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New Here, Need Help! Lighting For Planted Tank. Algae Bloom

Discussion in 'Algae in Planted Tanks' started by squidsagirl420, May 12, 2015.

  1. squidsagirl420

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    Hello, this is my first post :) I need some help.
    this is my first tank, I have what i was told is a 30gallon tank. i think its a nano cube style? lol. im sorry... noob probs.
    anyway, i have several plants and things were going well... Then i got a new bulb and shortly after, an algae bloom.
    Im not sure if this is because i now have too much light, or if its at all possibly from a wafer i threw in for a pleco and it mostly disintegrated... 
    I was given the pleco and after some research, realized he would not be happy in my little tank since he gets HUGE. so i returned him. it was a sad day.
    well now i have this bloom and i dont know how to fix it. mostly because im not sure whats causing it...

    my other problem is my plants are stunting... I did a water change and added excel wondering if its a co2 lacking... or oxygen overload? they actually seemed better today. new taller growth on some and longer space between leafs on my anacharis. i am totally a noob and there is so much to learn for a "simple freshwater tank" like i thought i was getting into. LOL. but i love to learn and enjoy a challenge.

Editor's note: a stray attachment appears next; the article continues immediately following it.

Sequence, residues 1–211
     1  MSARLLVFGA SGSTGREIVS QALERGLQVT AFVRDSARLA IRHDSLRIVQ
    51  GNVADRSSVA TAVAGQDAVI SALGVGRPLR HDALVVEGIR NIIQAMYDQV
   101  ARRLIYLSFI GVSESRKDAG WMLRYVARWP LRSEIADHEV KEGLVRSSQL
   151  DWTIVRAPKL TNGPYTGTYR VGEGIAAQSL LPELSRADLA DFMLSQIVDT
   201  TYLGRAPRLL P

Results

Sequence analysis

a little more info on my tank:
    sand substrate
    i put in flourish and excel. (is this feeding the algae?)
    its at 78F
    i have 8 danios
    somwhere between 4-7 ghost shrimp. (they hide well)
    1 mystery snail
    1 nerite snail
    and a miniature crayfish. (he has his own corner and is yet to be aggressive. but he has his hiding places.)
    bulbs: one odyssea fluorescent 36w 6500K
    and one 50/50 combo bulb that is half 10000k and half actinic 460mn 

    why would the plants stunt and algae bloom? looking right now, the stunting is much better. water change probably helped. what does that signal?
    thanks so much for help!
    -Squid 
     
     
  2. Byron